Mentor: An experienced and trusted advisor.
For Anthony Lyne, mentors have come into his career at different times and for different reasons, but they have each made a profound impact on his professional and personal development.
When Anthony, a Des Moines Area Association of REALTORS member, first became licensed he remembers leaning on his broker for guidance in navigating the complexities of contracts and processes in the real estate world. Despite the sink or swim environment, Anthony persisted, recognizing the necessity of self-reliance in a field where assisting clients with significant life decisions requires confidence and competence.
"I kind of had to just swim," Anthony recalls. "And if you think about this business, when we're helping people with a lot of problems and issues they have potentially through the buying or selling of their home, you do have to learn how to swim."
As Anthony grew more confident in his knowledge of the real estate world and processes, he transitioned from a transactional mindset to one focused on building meaningful relationships.
"I decided, what if I get involved in things and start to find people to look up to, to aspire to be like or things like that," he said.
While Anthony, of course, wanted to find mentors that were high producers in the real estate world, he learned from a young age that a mentor is more than someone who is successful in their chosen career.
"For me, early on in my early life, I played a lot of sports and it was always instilled with us from the coaches I had, 'Hey, I'm trying to not only teach you folks to be great athletes, but I'm also trying to teach you how to be good people.' Early on it was more focused on a mentor who's also someone that's trying to teach me to be a good person," he notes.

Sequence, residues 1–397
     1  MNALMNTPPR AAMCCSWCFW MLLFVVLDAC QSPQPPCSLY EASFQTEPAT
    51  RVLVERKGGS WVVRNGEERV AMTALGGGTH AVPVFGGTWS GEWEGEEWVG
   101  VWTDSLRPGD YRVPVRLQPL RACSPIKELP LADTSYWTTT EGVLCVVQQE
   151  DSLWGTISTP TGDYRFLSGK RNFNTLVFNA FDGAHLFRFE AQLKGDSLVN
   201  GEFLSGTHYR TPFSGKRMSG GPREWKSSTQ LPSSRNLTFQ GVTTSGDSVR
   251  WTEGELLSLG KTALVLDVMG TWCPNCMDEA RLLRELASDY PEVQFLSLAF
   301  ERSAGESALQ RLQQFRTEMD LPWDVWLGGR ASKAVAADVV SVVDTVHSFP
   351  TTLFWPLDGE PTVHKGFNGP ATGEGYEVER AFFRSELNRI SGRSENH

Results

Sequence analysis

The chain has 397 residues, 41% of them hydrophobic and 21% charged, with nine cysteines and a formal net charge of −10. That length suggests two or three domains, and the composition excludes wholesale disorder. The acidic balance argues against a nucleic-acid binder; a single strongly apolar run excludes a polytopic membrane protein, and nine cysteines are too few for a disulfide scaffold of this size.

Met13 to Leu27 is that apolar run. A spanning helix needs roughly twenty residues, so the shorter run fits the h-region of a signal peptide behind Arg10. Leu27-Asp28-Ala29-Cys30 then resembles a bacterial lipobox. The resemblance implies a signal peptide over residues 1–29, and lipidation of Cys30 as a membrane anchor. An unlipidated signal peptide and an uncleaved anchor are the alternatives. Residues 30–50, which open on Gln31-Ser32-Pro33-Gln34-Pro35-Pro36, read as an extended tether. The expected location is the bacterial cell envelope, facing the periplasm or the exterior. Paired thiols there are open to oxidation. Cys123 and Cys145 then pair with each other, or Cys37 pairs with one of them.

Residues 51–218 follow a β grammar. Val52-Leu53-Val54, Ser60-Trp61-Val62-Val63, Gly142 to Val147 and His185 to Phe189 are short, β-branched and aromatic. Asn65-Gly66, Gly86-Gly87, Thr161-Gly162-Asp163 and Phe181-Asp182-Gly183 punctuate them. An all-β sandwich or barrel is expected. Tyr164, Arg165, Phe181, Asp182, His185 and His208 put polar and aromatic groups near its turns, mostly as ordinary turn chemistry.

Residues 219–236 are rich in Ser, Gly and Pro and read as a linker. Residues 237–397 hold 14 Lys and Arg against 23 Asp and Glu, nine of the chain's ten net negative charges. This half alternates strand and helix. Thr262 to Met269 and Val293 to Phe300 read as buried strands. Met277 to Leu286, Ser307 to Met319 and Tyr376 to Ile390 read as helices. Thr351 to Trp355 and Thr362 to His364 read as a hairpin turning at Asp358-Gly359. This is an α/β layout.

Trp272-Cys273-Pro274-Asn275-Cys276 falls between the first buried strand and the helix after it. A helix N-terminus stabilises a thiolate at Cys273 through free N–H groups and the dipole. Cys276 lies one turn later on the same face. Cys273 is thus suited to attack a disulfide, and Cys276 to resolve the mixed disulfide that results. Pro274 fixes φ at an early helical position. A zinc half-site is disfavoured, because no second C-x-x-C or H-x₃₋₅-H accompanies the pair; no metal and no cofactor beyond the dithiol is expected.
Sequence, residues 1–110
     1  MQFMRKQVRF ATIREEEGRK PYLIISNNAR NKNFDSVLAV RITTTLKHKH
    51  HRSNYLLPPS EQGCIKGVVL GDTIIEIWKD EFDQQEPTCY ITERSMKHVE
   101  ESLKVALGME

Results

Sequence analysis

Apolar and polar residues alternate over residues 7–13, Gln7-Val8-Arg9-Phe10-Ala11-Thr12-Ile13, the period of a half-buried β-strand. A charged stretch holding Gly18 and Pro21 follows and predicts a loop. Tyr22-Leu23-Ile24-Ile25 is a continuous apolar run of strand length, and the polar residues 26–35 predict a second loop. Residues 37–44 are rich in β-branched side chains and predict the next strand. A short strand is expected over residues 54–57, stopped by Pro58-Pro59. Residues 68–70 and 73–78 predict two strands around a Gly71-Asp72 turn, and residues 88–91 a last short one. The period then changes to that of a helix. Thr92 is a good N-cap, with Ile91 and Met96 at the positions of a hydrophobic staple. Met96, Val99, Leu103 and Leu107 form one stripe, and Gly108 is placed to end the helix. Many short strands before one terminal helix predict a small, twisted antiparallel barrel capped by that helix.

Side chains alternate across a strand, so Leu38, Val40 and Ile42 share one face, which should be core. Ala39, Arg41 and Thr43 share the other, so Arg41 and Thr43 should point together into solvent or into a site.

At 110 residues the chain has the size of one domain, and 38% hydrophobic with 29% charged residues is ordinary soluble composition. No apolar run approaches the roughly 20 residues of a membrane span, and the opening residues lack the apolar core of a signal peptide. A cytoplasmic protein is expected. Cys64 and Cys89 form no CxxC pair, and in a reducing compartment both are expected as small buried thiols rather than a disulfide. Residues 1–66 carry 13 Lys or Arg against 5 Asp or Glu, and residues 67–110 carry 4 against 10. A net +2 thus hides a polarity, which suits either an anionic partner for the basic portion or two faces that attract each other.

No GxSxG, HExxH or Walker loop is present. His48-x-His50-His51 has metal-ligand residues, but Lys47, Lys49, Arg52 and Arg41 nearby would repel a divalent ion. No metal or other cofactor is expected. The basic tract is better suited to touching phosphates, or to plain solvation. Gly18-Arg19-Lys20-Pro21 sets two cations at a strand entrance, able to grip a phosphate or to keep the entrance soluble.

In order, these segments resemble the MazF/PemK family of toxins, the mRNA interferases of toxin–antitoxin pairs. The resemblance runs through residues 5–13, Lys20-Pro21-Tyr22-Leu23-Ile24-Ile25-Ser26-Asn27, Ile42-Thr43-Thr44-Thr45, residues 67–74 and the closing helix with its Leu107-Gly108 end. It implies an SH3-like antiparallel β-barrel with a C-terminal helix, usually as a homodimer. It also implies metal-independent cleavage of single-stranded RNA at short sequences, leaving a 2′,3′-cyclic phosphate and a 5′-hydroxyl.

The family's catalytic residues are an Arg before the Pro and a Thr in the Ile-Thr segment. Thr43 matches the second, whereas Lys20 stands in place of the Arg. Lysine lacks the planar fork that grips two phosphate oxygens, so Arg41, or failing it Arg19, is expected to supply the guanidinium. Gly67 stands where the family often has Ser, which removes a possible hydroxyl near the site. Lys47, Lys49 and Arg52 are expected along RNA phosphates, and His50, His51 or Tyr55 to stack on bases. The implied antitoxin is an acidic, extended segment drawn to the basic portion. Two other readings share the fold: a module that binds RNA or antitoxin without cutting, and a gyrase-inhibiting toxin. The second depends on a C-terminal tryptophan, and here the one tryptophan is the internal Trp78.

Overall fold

Through involvement in local and state real estate groups, like the Iowa Association of REALTORS, Anthony found mentors like Travis Bushaw and Krista Clark, who inspired him with their knowledge, authenticity, and leadership qualities.
"Travis would be a mentor to me, he's not even in central Iowa, but he's been a mentor and the reason why is unbeknownst to him, I just look up to him at a distance and I always think that he is on his game," Anthony said. "He knows a lot about a lot and he's one of the most genuine people you'll ever meet."
“Krista had seen something in me that I didn't see in myself," Anthony said. "She got me involved with some committees at IAR and it kind of snowballed after that. She possesses a lot of leadership qualities that I aspire to have myself."
Overtime, Anthony's taken on larger roles at IAR, thanks in part to the support and confidence he received from people like Krista and Travis. He served as the chair for IAR's Diversity, Equity and Inclusion committee in its first two years, and is now a staple at state and local events.
Today, Anthony pays it forward by serving as a mentor himself, guiding others on their professional journeys. He finds fulfillment in witnessing their growth and believes in the power of patience and attentive listening when mentoring others, echoing the support he received from his own mentors.
"It's fulfilling, it's really cool," he said. "Being a mentor to others you get to see them kind of grow into something and maybe plant a seed with someone that they don't realize that they could blossom into. Watching them flower is really, really fulfilling."
Anthony's story illustrates that mentorship is a reciprocal process - one where knowledge, support, and encouragement are passed down from one generation of professionals to the next, fostering a community of growth and development within the real estate industry.